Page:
Friday, October 1, 2010

Fettuccini Carbonara

Sasha gave me a pasta maker four years ago. Back then it got a lot of use, but lately it has been sitting idle in the drawer. But tonight I am resurrecting the pasta maker and making fettuccine carbonara. There is something about making pasta - the feeling and texture of the dough, getting messy, flour everywhere - ultimately it's about having fun rolling and creating a delicious, rustic, meal by hand. It may sound daunting, but with the right tools and techniques, it's really simple and the outcome is a bowl of delicious, tender pasta that can't be beat.

Pasta dough (serves 4-6):
  • 1 cup all-purpose (AP) flour
  • 1 cup semolina flour
  • 2 eggs
  • 1 tsp olive oil
  • 1 tsp salt
  • 1/4 cup water

I make my dough using the traditional "well" method. Place the flour on a clean counter top or large cutting board and make a well in the center of the flour. Then crack the eggs into the center of the flour and add the olive oil, salt and water. Slowly start incorporating the flour into the liquid mixture with your hands - this is a messy but fun project! I think it is important to feel the dough with your hands.  Every dough is different - depending on the humidity outside, you may need more or less flour. Eventually the dough will come together into a ball. At that point, continue to knead the dough for 5 minutes, until the glutens develop and the dough becomes firm and elastic. Wrap the dough in plastic wrap and allow it to rest for 30 minutes on the counter top. If you want to store the dough for later use, wrap it tightly and place it in the fridge or the freezer.

Now it is time to make the pasta. The base of the pasta maker gets anchored to the counter top, and there is a handle that you turn to feed the flattened piece of dough through the machine. There are settings on the machine that control the thickness, from 1 (very thick) to 6 (very thin). Slowly feed the dough through the pasta maker, starting at setting #1, and continue to increase the setting until you have reached your desired thickness. It is helpful to have extra flour to dust the newly rolled out ribbons to help keep the pasta from getting too sticky. Here are some guidelines: for fettuccine or pappardelle I take my dough down to setting #5,  for lasagna or ravioli I take it down to #6. Once all the sheets have been rolled out, it is time to cut the dough. You can use the pasta maker's cutting blades, or else roll the dough loosely and cut using a knife - remember to have the dough well-floured when you cut it, or else it will stick. Lay the cut pasta into "nests" on a cloth towel, and once again ensure the dough is well-dusted with flour.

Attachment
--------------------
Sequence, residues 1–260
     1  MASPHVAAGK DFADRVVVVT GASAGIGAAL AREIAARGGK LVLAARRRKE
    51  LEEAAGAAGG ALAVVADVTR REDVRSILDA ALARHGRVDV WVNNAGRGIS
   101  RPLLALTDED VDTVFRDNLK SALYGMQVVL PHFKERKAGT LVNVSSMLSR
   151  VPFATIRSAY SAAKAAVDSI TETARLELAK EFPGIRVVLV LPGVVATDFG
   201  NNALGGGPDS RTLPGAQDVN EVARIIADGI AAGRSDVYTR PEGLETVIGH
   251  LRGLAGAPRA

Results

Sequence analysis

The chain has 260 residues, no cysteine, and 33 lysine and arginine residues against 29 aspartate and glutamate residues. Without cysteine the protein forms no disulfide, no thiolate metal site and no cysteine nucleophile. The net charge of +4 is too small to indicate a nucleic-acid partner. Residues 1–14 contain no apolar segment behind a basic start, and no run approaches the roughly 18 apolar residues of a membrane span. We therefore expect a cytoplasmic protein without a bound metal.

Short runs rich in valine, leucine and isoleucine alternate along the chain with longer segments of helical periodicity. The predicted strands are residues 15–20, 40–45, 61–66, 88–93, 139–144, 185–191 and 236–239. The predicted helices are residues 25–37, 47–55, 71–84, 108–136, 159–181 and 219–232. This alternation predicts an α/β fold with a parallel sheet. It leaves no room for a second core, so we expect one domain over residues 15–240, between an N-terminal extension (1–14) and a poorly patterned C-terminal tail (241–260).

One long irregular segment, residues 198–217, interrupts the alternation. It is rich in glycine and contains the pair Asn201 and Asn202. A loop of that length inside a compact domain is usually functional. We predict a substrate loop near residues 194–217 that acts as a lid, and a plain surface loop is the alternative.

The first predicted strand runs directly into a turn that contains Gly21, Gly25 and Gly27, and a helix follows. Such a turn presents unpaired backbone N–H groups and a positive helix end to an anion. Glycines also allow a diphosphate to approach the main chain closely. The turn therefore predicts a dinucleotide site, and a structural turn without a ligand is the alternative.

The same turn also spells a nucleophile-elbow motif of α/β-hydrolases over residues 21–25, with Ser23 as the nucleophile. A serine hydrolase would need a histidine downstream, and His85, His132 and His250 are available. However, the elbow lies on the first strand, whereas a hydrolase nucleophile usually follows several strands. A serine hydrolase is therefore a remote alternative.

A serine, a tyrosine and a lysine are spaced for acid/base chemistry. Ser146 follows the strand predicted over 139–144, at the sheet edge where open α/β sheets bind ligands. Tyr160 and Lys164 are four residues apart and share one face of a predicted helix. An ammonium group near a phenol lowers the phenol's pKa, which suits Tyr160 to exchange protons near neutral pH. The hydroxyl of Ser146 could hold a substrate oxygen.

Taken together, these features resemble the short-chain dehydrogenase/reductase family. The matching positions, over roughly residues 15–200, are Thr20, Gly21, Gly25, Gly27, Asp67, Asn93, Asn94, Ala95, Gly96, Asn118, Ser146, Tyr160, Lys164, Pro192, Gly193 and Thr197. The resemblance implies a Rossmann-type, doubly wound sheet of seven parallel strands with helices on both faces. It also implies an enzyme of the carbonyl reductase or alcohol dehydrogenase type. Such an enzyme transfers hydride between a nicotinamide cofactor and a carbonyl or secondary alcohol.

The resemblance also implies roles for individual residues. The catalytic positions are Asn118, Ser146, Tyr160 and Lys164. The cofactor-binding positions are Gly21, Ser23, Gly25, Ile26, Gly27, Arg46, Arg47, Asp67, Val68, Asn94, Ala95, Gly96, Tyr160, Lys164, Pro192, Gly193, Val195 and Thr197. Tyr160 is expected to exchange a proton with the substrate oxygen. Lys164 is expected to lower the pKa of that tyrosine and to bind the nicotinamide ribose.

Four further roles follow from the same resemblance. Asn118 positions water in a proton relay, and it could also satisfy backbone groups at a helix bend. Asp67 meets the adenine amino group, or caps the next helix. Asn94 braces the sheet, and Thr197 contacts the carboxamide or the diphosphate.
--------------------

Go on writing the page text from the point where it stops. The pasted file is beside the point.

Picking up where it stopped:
Carbonara sauce:
  • 3 slices bacon, diced
  • 1/2 yellow onion, finely diced
  • 1/4 tsp red pepper flakes
  • 1/2 tsp kosher salt
  • 1/2 cup white wine
  • 2 egg yolks
  • 1/2 cup packed grated Parmigiano-Reggiano
  • 1 tsp freshly ground black pepper
  • 1/4 cup Italian (flat leaf) parsley

In a large skillet, cook the bacon pieces on low heat - when golden brown, remove and set aside.  Increase to medium-low, add the onion, wine, salt and chili flakes to the bacon fat and cook until the onion becomes translucent. Place the sauce on low heat to keep warm. Separate and beat 2 egg yolks in a small bowl. Chop parsley and set aside.

Bring a large pot of water with 1 tbsp salt to a boil, add the fresh pasta and cook for 30-60 seconds, until the pasta starts to float. Note that fresh pasta requires very little cooking time, as compared to dried pasta. Once cooked, drain the pasta but make sure to reserve at least a cup of the pasta water. Add the pasta to the skillet, coat with the sauce and add some of the reserved pasta water. Adding the pasta water back to the sauce is one of the best tricks I have learned when making pasta. Finishing the pasta in the sauce for a minute or two helps the sauce soak into the pasta, and adding additional pasta water helps regulate the viscosity of the sauce and actually helps the sauce stick to the pasta because of the additional starch that has been released into the pasta water. Remove the pan from the heat, add the egg yolks, parmigiana and parsley and toss. The sauce will become thick as the yolks warm and mix with the bacon fat - add a little pasta water if necessary to reach the desired viscosity. Plate the pasta, top with the crispy bacon and enjoy!


  1. I love fresh pasta--we have been debating the purchase of a pasta roller. This looks fabulous.

  2. Highly recommended! My friend and I made ravioli last night - I think she is hooked on the pasta roller too! Thanks for the compliment :)

  3. Well I dont have a pasta roller but i do work in Little Italy so purchased fresh pasta and made this for an easy weeknight supper and it was delish and even better had extra white wine leftover to accompany the meal. It was easy and delish! Will make again.............

  4. Dry pasta works just as well ;) I miss north beach and all the gourmet Italian stores! I am glad you liked the dish Deb.